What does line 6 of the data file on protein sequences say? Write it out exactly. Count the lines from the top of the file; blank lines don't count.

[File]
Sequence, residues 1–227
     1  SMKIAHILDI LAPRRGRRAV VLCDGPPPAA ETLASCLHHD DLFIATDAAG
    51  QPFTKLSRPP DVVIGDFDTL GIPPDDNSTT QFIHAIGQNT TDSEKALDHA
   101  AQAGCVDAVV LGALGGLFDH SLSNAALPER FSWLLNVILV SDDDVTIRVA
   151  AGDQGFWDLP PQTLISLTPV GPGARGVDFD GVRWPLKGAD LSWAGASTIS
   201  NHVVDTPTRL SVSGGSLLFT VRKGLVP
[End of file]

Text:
   201  NHVVDTPTRL SVSGGSLLFT VRKGLVP